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Want to understand of how Dick Costolo, who was named Twitter’s chief executive on Monday, plans to build a business? The video below is a good place to start.
Costolo’s interview with Ad Age editor Abbey Klaassen took place last week at the Mixx advertising conference. Costolo was still chief operating officer, not CEO. But Ad Age only posted the video on YouTube a few days ago, and All Things Digital’s Peter Kafka pointed it out today.
Given the conference and the interviewer, it’s no surprise that the main topic was advertising. Twitter’s lack of a business model is a constant joke in the tech press, but Costolo said the messaging site’s ad model has now moved beyond the experimentation stage.
“We feel like we’ve cracked the code on a new kind of advertising,” he said. He later added, “In all of our advertising products, what we’re trying to do is not say, ‘Here’s the content, here’s the ads.’ What we’re trying to say [is], ‘This is organic content that people like. How can we take this thing that’s organic and enhance a company’s ability to communicate with their customers?'”
A Promoted Tweet, for example, starts out as a regular tweet from a company’s account, then the company can pay to have Twitter highlight the message to users beyond its followers. Advertisers pay Twitter for each engagement, namely each click, retweet, or reply. And if the Promoted Tweet doesn’t meet a certain threshold of engagement, Twitter will stop showing it.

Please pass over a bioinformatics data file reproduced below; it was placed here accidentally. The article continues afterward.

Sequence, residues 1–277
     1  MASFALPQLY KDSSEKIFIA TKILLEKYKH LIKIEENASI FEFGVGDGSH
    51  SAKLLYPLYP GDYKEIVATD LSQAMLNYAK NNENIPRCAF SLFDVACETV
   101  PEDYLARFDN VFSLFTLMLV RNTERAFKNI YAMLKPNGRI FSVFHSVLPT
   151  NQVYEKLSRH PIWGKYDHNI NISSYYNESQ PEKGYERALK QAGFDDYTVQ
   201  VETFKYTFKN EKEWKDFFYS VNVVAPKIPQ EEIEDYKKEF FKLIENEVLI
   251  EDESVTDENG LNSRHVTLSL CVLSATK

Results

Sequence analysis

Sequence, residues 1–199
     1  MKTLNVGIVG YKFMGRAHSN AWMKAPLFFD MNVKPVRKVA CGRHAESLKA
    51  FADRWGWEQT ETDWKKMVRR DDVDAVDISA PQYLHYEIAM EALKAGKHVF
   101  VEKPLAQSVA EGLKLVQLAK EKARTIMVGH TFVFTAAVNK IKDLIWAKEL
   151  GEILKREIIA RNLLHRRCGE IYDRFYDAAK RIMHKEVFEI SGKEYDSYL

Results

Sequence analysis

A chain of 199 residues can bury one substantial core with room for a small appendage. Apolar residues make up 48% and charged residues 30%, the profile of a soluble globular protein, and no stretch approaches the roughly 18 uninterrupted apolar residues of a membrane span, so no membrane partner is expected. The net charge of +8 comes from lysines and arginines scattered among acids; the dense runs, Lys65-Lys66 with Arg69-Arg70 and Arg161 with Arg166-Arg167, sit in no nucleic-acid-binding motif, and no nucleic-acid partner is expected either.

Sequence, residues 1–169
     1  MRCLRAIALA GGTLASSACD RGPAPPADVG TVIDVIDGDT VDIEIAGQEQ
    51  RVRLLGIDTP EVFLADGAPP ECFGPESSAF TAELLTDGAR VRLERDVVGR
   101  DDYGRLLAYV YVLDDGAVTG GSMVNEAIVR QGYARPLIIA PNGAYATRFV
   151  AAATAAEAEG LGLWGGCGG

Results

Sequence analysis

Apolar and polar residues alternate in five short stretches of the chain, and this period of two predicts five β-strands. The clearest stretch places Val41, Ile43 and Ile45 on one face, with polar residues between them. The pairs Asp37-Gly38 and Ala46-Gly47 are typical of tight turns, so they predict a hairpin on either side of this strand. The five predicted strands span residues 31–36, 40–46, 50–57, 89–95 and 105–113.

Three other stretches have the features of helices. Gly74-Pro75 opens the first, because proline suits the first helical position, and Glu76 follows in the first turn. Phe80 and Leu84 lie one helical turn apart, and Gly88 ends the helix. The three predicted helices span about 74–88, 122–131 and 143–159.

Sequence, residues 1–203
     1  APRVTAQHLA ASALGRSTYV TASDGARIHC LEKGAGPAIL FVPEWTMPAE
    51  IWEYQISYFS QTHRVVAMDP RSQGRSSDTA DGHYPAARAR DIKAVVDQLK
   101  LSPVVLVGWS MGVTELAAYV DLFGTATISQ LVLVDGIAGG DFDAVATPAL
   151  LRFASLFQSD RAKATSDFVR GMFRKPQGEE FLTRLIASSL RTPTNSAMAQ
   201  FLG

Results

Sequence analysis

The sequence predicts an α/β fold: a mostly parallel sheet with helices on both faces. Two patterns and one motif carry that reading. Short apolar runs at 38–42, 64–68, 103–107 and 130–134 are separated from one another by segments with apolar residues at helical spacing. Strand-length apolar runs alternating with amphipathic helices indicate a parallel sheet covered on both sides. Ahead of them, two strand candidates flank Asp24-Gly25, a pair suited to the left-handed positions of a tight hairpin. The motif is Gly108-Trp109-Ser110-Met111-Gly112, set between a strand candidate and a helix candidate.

Twitter has worked with more than 40 advertisers to date, Costolo said, and plans to reach the “low hundreds” by the end of 2010. It will eventually launch a “self-serve” platform where advertisers can pay to promote tweets, trends, and accounts without any negotiation or hand-holding with Twitter.
Asked whether he could see a day when brands might spend millions of dollars on Twitter advertising, Costolo said that will happen in the “very very near term.”
“It’s going to be very easy for us to have a significant enough distribution for you to spend as much money as you want to spend with us,” he said.
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